Talking Drums

The West African News Magazine

Thanks For Ending Colonialism

A Touch of Nokoko by Kofi Akumanyi

It was Mr Harold Macmillan who vividly spoke about the "wind of change blowing across the African continent" in reference to the tumbling of colonial enclaves right from the south of the Sahara, beginning with Ghana in 1957 to Kenya in East Africa.

The wind of change did slow down somewhat in the late sixties and seventies but the search for independence continued as those countries which could not find it through peaceful negotiations picked up arms and fought hard for it. Now, South Africa and Namibia are the last vestiges of colonial rule that remain to be liberated.

However, in the Far East, the British government has just negotiated with China for the return of Hong Kong. Sir Geoffrey Howe, the British Foreign Secretary recently concluded the agreement with his Chinese counterpart, Mr Wu Xueguin over the future of Hong Kong after the British had handed over the territory in 1997. In a meeting later the elder Statesman Mr Deng Xiao Pin, thanked Mrs Margaret Thatcher for ending colonialism in the Far East.

The chief points of the agreement are these: Hong Kong will retain its legal system with the rights of appeal vested in Hong Kong (not Peking, but not London either), Hong Kong will be free to choose its own economic and trade policies, take part on its own international trade agreements, have its own currency and run its financial affairs.

So far, so good. Left out of the agreement and still to be resolved are three crucial questions: the title to land, the rights at Hong Kong's Kaitak airport and nationality. These have been at the centre of the protracted discussions.

All the same I was quite happy to see Sir Geoffrey Howe and Mr Xiao Pin flanked by interpreters exchanging pleasantries on television the other day - until I received the original transcript of the discussions they had. I would only reveal that the transcript was sent to me by a contact who knows someone in the newly formed association appropriately called MOLES INCORPORATED with its headquarters in London. This report has been edited for security reasons.

"I'm happy that we've finally come to some sort of an agreement, Mr Pin", said Sir Geoffrey. "We've all along known and seen the political writing on the wall for Hong Kong.

The situation here is very different from any of the colonial situations we've faced. The Hong Kong people are Chinese and must go back to the mainland China... However, as we did for the people (minorities) in all our former colonies, we want guarantees that the liberties and rights of the people of Hong Kong would be protected after the handing over..."

"Hang on a minute", cut in the Chinese interpreter after Mr Pin had waved frantically. "You mean after handing over you want to still maintain a foothold...?"

"You mean a foot-in-the-door policy? Not at all. With all due respect we would like to uphold the principle of 'Hong Kong for the Chinese' but all we are saying is that the people would be terribly upset if after 1997 they are to lose their capitalist life-style and be rushed into a socialist straight-jacket", explained Sir Howe.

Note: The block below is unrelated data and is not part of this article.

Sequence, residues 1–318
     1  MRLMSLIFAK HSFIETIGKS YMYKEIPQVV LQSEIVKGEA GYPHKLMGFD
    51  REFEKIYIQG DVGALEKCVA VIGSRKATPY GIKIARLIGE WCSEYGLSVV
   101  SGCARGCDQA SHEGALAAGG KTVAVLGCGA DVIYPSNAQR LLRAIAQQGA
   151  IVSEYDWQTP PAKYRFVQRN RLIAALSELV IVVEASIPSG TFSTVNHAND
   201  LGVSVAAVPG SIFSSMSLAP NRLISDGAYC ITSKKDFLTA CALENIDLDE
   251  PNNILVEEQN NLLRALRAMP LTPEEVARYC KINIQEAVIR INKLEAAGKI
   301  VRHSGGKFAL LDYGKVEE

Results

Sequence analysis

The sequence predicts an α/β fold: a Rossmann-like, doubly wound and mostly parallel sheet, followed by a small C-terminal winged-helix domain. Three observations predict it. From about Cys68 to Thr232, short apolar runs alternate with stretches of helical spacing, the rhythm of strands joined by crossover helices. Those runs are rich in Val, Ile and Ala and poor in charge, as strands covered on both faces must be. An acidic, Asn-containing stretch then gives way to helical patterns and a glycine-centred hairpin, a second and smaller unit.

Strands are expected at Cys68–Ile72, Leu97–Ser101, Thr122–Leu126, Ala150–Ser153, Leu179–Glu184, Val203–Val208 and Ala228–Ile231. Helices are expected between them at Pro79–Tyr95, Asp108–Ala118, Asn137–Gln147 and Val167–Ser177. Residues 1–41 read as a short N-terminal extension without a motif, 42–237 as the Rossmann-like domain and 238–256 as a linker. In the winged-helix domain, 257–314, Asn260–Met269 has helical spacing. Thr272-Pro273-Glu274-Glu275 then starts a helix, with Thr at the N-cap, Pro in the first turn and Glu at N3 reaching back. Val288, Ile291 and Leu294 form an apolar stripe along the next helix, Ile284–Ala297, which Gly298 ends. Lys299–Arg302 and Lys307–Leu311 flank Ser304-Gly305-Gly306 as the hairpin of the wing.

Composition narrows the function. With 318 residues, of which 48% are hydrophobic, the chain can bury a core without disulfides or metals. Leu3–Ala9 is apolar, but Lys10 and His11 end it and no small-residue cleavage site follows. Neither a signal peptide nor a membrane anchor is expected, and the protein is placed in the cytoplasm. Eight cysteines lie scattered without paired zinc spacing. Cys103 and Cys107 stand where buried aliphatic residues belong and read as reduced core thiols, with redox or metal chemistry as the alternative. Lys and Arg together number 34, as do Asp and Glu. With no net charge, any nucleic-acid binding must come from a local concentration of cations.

"I still don't understand what you British are on about."

"What we are on about is the fate of 2.5 million who have British dependant status."

"It is a question of interpretation. Anyway the point at stake is that we, Chinese, have the right to manage our own affairs as we think fit. What we cannot allow is to leave room for the perpetuation of colonial rule as happened in Africa..." the oldman said.

"There is no need to be so excited about this issue. . . after all if it's the maintenance of the capitalist system you're worried about then think about the role of Pepsi in China.

"We know how the Africans feel about colonialism, we shall never allow that to happen here."

"Has anybody thought about the feelings of the people of Hong Kong? What they really want? Are they ready to be part of China? Are they ready to lose their liberties?" asked Sir Geoffrey Howe.

"Feelings... Feelings… That's the trouble with the Western World," said the old man Pin. He then whispered into the ear of the pretty Chinese interpreter who giggled. Sir Geoffrey immediately stood up.

"What did he say about the Falklands?" he demanded. "I heard him alright. He said something about the Falklands. Why do people have to drag Falklands into every issue... The situation here is different... very different."

"Mr Pin made a joke that whatever you do, the Chinese won't be forced into a Falklands situation," the pretty interpreter said.

"Well, the Argentinians learnt their lesson, didn't they? Yet the matter could have been settled in a more civilized way. That's why we hope that our new Exorcet type missiles we've developed won't be deployed in any conflict in the near future..”

"Do I detect a faint trace of threat somewhere?"

"Good Gracious, no. The Chinese are our friends, going to war with China over Hong Kong would be utterly unacceptable to the British people…”

"Especially with your miners on strike," said the old man.

"That's an internal problem!"

"Thanks for reminding me, the Hong Kong issue after handing over will be an internal problem and we would deal with it as best as we can. Both countries agree that the Falklands war was a bad dream and must not be allowed to be repeated. It was far too costly and unnecessary. That's why British colonialism must end in the Far East without preconditions."

At this point the pressmen were ushered in to film and record Sir Geoffrey Howe and Deng Xiao Pin smiling and shaking hands over the issue.

"I would like to live in 1997 to see Hong Kong handed over to China," Mr Pin told the pressmen.

"You bet" said Sir Howe.

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